Good medical ethics requires attention to its antecedents and the influences on the same. The joy of the subject is that it is interdisciplinary and scholars are drawn from a wide range of academic backgrounds. However, the field, in contrast to its scholars, is shaped by biomedicine and its progress. Medical ethics commonly focuses on the moral implications of biomedical development and innovation, often after the event. This may not be problematic. I would rather scholars noticed and attended to the realities and rhetoric of biomedical progress. Yet, it has implications for defining good medical ethics. Even when medical ethics examines the relational aspects of medicine and healthcare, it largely reflects the medical model and is concerned with what happens between doctor and patient in clinical settings rather than in the home, with carers, in schools, in residential homes, on internet message boards and online fora, at day centres or as part of community and advocacy groups.
Good medical ethics must be aware of, and engage with, its context. It must notice that which is dominating headlines and journals and that which is not. Otherwise, it may unwittingly replicate inequity, social exclusion and marginalisation. It should attend to the absences and the gaps. As Havi Carel has eloquently suggested, there are multiple ways in which epistemic injustice3 occurs within medicine and healthcare.4 It also occurs within medical ethics. To understand the ways in which perspectives are distorted and voices unheard or even silenced matters. It does not just reveal a richer landscape for inquiry, but is itself an ethical choice. And the word ‘choice’ matters. It implies an active commitment to exploring the way the ‘medical ethics’ is characterised. It demands attention to what knowledge, beliefs or perspectives are privileged and what is, often unintentionally but nonetheless significantly, overlooked, disregarded or ignored. It is fundamental to doing good medical ethics.
Consider, for example, the case or scenario in medical ethics, a common approach to medical ethics.5 There is a significant literature on how to use a case-based approach in clinical practice and learning,6 ,7 but comparatively little has been written about the construction of ‘the case’ itself and the power that resides in those who have the discretion to construct and present ‘the case’ or ‘the story’ or ‘the problem’.,8–10 Whatever the form, choices are made in even the simplest presentation of an ‘ethical issue’.11 Interrogating those choices demands attention to, for example, presence and absence, voice and silence, naturalism and symbolism, text and subtext, form and meaning and authorial status and intent.12 Anyone who shares or reads a narrative, case or story about a health experience is engaged in complex moral work: choosing how to write, to communicate and to read13 is integral to doing good medical ethics.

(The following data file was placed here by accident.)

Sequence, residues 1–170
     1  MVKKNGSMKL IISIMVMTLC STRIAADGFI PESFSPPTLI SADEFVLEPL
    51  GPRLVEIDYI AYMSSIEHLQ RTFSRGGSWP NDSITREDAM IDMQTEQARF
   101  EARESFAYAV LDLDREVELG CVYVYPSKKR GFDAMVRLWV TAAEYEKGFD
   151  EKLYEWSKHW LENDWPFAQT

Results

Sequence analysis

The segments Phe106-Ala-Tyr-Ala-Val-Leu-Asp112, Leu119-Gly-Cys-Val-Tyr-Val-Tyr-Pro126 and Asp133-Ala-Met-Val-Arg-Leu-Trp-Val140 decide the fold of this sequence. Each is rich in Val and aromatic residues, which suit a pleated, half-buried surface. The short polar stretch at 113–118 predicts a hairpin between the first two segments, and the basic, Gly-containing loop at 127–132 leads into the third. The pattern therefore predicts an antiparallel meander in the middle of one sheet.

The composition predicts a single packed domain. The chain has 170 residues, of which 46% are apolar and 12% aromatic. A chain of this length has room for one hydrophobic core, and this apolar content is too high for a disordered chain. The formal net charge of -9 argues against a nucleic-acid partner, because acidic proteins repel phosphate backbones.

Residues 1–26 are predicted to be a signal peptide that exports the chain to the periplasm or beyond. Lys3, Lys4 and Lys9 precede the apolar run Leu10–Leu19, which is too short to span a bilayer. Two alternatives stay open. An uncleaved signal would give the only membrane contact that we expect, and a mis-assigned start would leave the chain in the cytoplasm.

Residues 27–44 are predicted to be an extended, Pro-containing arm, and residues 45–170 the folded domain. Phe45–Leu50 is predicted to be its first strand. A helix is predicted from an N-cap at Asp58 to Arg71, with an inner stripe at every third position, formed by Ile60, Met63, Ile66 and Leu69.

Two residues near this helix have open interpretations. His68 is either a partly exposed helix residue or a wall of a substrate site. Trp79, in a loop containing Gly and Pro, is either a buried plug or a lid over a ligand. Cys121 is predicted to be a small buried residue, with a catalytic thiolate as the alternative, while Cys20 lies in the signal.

It is a non-academic experience that has been most instructive about the construction and representation of cases and stories in medical ethics. In 2003, a BBC producer contacted me. That discussion led to “Inside the Ethics Committee”14 for Radio 4. I have been a consultant to, and regular panellist for, each of its 10 series. It has taught me an enormous amount both in relation to how ethical issues are communicated and the value of engaging with an audience beyond the academic and professional. In 2004, I pitched up to the recording studio nervous but eager to convey my expertise and to share theories, landmark cases and seminal papers. I was kindly, but firmly, told that a simpler (note, not simplified) approach was required. Initially, I chafed against this instruction bemoaning the impossibility of doing justice to complex arguments. I was wrong. I learned to listen in ways that are not necessarily natural to academics keen to share their expertise. I heard stories in ways that were unfamiliar. People spoke to us from their homes, not in clinics, surgeries or hospitals. We heard, of course, from the professional involved in the case, but crucially we afforded equal or greater weight to the patient's testimony and that of family or carers. People shared their experiences and perspectives without mediation or well-meaning interpretation. What they said was often surprising, sometimes revelatory and always elucidating. It was not unusual for the professionals involved to hear information for the first time. As the series evolved, the panel expanded to include those who had experience of illness, caring or advocacy. Those programmes were, in my view, the best we made. Despite my initial anxieties about relinquishing my academic comfort blankets of theories, cases and papers, the discussions were always nuanced and rigorous. It was transformative and continues to inform my understanding of what it is to do good medical ethics.